“The conception of civilization’s future course laid out in Bahá’u'lláh’s writings challenges much that today imposes itself on our world as normative and unchangeable.” …. “There is nothing in Bahá’u'lláh’s writings to encourage the illusion that the changes envisioned will come about easily.” …. “It would be difficult to exaggerate the psychological and social impact of the anticipated replacement of the jumble of existing monetary systems–for many, the ultimate fortress of nationalist pride–by a single world currency operating largely through electronic impulses. “  …. [{note … will we be happy when even our very own health is highly  taxing?}} ….  “Soon”, is Bahá’u'lláh’s confident promise, “will the present-day order be rolled up, and a new one spread out in its stead.”

  • Dean Hedges

    “None must contend with those who wield authority over the people; leave unto them that which is theirs, and direct your attention to men’s hearts.”

  • Linda Leeb

    “Another means of silently lessening the inequality of property is to exempt all
    from taxation below a certain point, and to tax the higher portions of property in
    geometrical progression as they rise.” –Thomas Jefferson to James Madison, 1785. So this strange idea that taxing the rich is a socialist idea, current among Tea Partiers and demagogues, is demonstrably false.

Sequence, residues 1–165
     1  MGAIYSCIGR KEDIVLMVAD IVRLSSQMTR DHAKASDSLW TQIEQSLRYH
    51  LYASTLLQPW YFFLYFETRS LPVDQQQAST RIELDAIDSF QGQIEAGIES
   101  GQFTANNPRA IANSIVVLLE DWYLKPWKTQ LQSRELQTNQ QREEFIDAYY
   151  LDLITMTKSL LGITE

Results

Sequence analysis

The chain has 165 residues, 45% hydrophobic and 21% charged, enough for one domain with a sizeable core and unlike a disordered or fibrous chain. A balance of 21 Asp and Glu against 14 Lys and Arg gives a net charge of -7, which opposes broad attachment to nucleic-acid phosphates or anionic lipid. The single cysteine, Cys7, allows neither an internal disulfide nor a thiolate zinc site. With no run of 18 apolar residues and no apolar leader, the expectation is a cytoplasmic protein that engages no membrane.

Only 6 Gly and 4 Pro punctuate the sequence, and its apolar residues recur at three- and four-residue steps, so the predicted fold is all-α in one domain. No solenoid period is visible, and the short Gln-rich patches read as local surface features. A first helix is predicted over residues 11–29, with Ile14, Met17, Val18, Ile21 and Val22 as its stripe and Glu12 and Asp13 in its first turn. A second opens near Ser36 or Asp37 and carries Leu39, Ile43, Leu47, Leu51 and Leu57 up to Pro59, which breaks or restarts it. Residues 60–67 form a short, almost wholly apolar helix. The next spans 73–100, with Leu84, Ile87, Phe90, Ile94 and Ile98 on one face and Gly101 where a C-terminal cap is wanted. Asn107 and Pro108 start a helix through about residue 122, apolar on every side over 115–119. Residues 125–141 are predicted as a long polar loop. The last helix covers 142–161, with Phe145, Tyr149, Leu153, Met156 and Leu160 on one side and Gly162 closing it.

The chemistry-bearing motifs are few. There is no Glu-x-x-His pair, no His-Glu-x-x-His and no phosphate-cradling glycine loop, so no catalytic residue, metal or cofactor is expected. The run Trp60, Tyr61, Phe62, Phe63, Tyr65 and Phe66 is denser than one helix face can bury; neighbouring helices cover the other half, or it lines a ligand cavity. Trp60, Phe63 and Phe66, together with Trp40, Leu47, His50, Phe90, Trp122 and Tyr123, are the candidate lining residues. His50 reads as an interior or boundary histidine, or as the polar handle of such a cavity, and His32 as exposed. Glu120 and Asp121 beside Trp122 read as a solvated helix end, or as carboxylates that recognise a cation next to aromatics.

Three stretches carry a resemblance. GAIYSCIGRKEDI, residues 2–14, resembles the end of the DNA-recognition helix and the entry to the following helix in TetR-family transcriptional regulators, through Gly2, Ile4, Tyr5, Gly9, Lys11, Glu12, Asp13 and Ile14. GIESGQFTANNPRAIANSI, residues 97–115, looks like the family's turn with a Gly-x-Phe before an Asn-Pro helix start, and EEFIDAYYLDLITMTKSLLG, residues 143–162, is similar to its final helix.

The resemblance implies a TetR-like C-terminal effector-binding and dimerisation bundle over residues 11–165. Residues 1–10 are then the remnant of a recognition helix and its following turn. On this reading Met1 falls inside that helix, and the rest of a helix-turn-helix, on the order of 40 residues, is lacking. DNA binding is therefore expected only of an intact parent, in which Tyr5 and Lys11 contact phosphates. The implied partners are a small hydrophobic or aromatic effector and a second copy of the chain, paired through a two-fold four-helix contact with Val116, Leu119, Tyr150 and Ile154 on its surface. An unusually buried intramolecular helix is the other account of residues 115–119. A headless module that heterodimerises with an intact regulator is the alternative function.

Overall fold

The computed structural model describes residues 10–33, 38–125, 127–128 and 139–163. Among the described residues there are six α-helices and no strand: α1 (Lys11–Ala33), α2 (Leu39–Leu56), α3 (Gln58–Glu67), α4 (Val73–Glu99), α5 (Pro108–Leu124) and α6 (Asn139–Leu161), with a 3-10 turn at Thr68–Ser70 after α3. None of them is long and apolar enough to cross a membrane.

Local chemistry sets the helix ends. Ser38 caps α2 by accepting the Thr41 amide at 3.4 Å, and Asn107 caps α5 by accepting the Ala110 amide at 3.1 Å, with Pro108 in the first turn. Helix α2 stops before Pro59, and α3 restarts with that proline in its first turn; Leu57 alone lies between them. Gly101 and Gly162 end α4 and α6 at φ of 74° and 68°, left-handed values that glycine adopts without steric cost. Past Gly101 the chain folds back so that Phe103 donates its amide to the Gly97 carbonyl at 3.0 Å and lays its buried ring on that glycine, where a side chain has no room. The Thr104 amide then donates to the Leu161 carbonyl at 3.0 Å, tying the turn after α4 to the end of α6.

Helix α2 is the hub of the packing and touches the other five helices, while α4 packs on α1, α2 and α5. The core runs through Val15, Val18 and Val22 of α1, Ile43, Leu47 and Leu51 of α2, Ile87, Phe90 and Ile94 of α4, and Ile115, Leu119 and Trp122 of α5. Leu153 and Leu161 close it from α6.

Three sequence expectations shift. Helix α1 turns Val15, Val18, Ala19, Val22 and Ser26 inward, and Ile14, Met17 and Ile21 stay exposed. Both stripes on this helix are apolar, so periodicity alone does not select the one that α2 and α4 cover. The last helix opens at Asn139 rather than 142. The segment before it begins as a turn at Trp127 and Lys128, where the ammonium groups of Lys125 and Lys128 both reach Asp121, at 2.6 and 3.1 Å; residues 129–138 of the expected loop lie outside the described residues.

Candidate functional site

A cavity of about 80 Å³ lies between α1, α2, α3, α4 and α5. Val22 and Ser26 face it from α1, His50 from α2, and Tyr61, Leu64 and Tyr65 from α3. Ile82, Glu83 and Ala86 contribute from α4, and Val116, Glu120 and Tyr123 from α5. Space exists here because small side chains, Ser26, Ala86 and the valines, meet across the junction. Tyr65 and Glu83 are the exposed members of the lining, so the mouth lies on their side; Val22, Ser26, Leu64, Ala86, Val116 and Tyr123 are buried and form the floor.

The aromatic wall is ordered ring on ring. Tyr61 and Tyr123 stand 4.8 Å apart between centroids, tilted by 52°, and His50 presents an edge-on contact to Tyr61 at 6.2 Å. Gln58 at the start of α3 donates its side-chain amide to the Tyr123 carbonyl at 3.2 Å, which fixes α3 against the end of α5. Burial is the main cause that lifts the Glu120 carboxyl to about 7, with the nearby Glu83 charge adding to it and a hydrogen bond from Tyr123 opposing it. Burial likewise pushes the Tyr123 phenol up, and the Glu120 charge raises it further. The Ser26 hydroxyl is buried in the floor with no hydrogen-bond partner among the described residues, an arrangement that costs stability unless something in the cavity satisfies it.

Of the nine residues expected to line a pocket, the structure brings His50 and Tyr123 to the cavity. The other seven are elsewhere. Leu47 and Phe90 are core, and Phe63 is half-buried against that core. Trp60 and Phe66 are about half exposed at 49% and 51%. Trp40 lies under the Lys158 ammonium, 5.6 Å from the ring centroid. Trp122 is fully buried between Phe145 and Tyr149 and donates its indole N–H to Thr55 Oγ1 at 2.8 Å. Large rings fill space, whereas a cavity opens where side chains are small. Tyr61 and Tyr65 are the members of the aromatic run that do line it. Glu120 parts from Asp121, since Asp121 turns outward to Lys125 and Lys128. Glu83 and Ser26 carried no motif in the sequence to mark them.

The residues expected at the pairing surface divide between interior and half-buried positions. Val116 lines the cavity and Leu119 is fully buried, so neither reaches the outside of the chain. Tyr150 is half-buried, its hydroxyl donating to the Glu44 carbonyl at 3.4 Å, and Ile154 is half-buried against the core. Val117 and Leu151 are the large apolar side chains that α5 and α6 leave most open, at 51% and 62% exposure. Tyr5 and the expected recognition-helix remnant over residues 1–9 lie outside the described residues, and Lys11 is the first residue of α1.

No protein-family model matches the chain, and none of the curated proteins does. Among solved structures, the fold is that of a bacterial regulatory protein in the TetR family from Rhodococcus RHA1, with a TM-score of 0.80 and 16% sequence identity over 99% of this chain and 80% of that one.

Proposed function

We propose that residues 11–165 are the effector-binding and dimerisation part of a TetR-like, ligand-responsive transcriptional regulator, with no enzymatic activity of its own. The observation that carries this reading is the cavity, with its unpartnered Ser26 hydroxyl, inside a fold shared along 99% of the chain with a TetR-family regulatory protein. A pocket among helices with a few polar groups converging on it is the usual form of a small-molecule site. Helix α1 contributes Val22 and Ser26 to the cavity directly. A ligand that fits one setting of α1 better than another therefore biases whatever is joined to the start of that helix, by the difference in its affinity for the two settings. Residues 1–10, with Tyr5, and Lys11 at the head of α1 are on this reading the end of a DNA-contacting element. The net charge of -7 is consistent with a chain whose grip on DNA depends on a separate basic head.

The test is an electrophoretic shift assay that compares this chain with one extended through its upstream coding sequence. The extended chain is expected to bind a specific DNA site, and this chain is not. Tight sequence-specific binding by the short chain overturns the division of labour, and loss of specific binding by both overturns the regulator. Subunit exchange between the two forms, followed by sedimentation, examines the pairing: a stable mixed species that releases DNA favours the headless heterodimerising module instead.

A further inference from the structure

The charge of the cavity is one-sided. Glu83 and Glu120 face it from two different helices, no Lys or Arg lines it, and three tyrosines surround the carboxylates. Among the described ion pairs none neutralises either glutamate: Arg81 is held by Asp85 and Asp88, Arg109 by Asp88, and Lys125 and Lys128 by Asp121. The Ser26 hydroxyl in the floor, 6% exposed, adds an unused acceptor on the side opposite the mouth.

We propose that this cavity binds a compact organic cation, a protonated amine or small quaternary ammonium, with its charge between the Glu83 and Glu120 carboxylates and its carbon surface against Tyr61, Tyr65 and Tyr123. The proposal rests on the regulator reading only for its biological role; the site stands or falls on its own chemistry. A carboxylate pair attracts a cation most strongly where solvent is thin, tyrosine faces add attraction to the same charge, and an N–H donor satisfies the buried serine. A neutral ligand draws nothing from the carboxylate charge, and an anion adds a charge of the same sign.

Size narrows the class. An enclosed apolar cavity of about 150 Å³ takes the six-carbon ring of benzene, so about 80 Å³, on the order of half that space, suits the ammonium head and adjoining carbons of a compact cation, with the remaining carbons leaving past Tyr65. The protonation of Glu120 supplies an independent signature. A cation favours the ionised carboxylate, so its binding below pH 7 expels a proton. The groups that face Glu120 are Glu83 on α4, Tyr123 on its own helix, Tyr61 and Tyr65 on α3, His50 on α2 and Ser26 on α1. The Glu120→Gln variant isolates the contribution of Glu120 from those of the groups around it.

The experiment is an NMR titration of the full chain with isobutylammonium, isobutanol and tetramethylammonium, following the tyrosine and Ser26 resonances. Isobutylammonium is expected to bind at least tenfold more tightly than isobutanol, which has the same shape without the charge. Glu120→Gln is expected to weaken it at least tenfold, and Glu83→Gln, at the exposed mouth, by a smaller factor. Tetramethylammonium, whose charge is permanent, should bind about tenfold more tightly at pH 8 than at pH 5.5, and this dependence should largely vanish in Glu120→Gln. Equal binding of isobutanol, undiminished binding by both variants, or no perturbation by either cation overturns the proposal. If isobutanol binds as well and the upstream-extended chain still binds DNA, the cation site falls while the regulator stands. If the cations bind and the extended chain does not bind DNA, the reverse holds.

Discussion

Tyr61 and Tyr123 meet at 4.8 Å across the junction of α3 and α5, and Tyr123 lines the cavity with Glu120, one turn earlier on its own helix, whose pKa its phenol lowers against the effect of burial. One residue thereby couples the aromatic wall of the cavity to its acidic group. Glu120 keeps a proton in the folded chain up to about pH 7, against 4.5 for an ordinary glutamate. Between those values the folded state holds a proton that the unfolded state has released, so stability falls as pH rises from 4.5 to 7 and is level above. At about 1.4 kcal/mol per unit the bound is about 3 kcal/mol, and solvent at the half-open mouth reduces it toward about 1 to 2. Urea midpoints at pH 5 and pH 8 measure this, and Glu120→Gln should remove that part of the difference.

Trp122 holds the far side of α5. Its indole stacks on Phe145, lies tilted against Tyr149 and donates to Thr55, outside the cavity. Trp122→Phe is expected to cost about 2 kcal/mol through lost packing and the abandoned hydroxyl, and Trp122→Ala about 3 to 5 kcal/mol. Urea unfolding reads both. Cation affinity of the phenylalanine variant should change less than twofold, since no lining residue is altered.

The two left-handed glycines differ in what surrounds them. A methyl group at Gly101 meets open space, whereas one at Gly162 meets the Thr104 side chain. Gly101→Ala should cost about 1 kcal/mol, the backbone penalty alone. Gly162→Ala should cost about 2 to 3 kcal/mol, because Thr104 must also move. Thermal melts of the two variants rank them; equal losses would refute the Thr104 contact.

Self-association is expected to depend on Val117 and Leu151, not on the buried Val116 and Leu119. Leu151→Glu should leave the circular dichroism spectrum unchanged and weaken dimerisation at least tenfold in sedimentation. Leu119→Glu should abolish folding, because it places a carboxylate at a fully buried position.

• jimtomkel

    “All humanity must obtain a livelihood by sweat of the brow and bodily exertion” …….?  I don’t understand.  What about the scientists, teachers, medical doctors, scholars in general?  They don’t sweat, as a rule, at least not until they go home and clean the house or weed the garden, but that’s not how they “obtain a livelihood”.  What does this mean?

    • http://www.facebook.com/profile.php?id=623264276 Peg McNaughton

      “Sweat of the brow” is an expression that refers not to physical sweat, but to intellectual or mental efforts.  For example: the US Supreme Court in 1991 rejected the “sweat of the brow” doctrine in copywrite law, because originality is what is protected under the law, not effort.

      • jimtomkel

         Thank you very much Peg.  I’m sure that “eases the course of understanding”, shall we say, for lots of us.

  • Loiemead

    With wisdom and concern for the next generation of children, we in the United States have the way to introduce guidelines and uphold standards in advertising.  In response to the volume and form of advertising permitted, the next generation of children could  easily become the most materialistic the world has ever seen. We are a free society in the United States; we are free to choose the kind of world we desire for our children. If we as fairminded, thoughtful adults fail to act in a free society, what have we done to advance civilization?

    ‘Abdu’l-Baha in “Some Answered Questions”, p. 141, told us:
    It is, therefore, preferable for moderation to be established by means of laws and regulations to hinder the constitution of the excessive fortunes of certain individuals, and to protect the essential needs of the masses.
     (Abdu’l-Baha, “Some Answered Questions”, p. 274)

  • Dean Hedges